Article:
Today I’ve got Palmyra Delran with us for a chat. We talk about how she’s holding up during the pandemic, what got her started in music, working with Little Steven and Debbie, and a whole lot more. Palmyra has a couple of great new singles out, which we will discuss in further detail below, so I won’t ruin that for you. All that being said, if you would like to learn more about the music of Palmyra Delran, head over to her Bandcamp here and dig in. Once you’ve done that, check out this interview with Palmyra. Cheers.
Palmyra, thank you for taking the time to speak with us. This last year has been
rough, right? How are you holding up during this seemingly ever raging dumpster
Hi! Thanks for having me! I’m doing Ok considering all the craziness! I’m actually
getting used to hanging close to home with my puppies, but I’m sure once things
start getting a bit back to normal; I’ll bust out and go see bands, book gigs, and get to
hug my friends again!
Tell us about your backstory. What was your musical gateway, so to speak?
I clicked with sound as a young geeky kid. I loved music so much and would escape
to my room where I had an old Technics turntable. The headphones were a mind-blower for me. I loved picking out all the different instruments and where they were
placed in the mix. But I listened to anything that was going on around me – I still
love the sound of lawnmowers and prop planes. Even tinnitus doesn’t bother me so
much. It’s like silver noise.
As an artist, who are some of your earliest and most important influences?
Influences can come from anywhere, and it doesn’t even matter where it comes
from. Pay attention and take it. I remember seeing the film Fahrenheit 451 as a kid
and realizing there was more out there than Disney flicks – not that there’s anything
wrong with that! Hearing the Brian Jones period of the Stones hit me hard, as did the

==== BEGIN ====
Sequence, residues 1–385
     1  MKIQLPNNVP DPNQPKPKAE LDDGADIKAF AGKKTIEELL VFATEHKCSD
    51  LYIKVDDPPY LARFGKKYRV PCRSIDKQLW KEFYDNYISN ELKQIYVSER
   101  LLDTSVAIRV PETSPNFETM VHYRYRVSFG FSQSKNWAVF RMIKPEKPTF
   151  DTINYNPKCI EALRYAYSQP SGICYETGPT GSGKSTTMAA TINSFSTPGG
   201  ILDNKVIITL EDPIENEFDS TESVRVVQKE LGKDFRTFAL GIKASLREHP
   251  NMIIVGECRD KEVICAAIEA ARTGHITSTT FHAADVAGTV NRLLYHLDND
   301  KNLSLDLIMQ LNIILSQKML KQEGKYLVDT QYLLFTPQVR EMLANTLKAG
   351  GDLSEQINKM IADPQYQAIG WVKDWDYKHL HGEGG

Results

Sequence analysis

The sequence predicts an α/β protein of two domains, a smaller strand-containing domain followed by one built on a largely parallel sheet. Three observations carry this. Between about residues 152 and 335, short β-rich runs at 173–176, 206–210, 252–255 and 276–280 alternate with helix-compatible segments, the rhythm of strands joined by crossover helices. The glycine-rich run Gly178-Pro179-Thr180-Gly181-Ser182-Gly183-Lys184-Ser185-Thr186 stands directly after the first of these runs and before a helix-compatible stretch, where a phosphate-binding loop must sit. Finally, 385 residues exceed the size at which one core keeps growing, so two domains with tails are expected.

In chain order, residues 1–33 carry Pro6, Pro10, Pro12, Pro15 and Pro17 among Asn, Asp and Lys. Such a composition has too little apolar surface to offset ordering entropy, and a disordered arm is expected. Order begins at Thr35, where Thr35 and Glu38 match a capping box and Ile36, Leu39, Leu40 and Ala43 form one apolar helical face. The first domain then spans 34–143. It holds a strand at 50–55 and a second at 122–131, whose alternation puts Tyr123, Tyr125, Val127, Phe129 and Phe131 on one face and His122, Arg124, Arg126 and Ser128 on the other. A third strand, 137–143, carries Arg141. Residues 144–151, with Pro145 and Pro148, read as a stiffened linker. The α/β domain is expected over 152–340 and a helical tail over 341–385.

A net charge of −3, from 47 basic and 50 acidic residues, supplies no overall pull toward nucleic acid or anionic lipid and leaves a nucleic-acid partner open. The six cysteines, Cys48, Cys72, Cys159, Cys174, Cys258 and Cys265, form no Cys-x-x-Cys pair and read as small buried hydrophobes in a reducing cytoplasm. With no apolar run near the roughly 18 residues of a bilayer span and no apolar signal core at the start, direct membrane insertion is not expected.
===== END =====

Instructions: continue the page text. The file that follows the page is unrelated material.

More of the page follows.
Beatles and Kinks. It was later that I started digging!
Let’s jump right in and talk about your new singles, “Lucky in Love” and “Who’s
Been Sleeping Here?” Tell us about the recording and inspiration? Can we hope for a
full-length album soon?
“Lucky In Love” dates back to my old band, The Friggs. Our bass player, Mitzi Dodge,
wrote the song in the final period of the band before the implosion. It never got
properly recorded but kept popping into my head through the years. I figured now
was the time for a sweet love song to shine through all the weirdness. Kind of like
showing that there can be a happy ending.
“Who’s Been Sleeping Here” is a cover of a song by The Tuff Darts from the NYC
CBGBs days. Our drummer Mark popped in a CD on a ride home from a gig one night,
and I remember how much I loved them. I think the Doppel Gang fellas – Michael
Lynch, Mark Brotter, and Bob Wojciechowski really nailed the vibe of the song!
As a songwriter, how do your lyrics come together? Are they intensely personal
or are you merely telling stories, so to speak?
A little of both, actually. I have an easier time writing songs that are not super
personal – maybe a made-up story coming from eavesdropping on other people’s conversations, then exaggerating a bit to finish the story. Sometimes, it can be scary
to disclose my own personal experiences, but I think it’s important for others to be
able to relate to the songs in their own way. It may not mean the same thing to
someone else, but they can take what they want from it and make their own
meaning. I love hearing what my songs mean to others.
How about the production side of things? These were recorded and mixed by
Geoff Sanoff, right? Tell us what it was like working with him? How did he hone
yourself and align with your vision?
Geoff is fantastic! We’ve worked together for years and have our thing down pretty
well. I usually demo my stuff at home on GarageBand and send it to my fellas to
make everything better with their parts; then, we have pre-production rehearsals to
work everything out as a band. My production notes for the sessions are a bit
obsessive – with overdubs and arrangements planned out. Geoff is a huge part of
how the records sound. He is detail-oriented from the start – mic placement, etc.…
and really knows the equipment at Renegade Studio, where we work.
As I am sure you are aware, women are greatly underrepresented within the
music industry, but hopefully, it’s getting better. That said, in your opinion, how do
we enact positive change and flip the script, so to speak?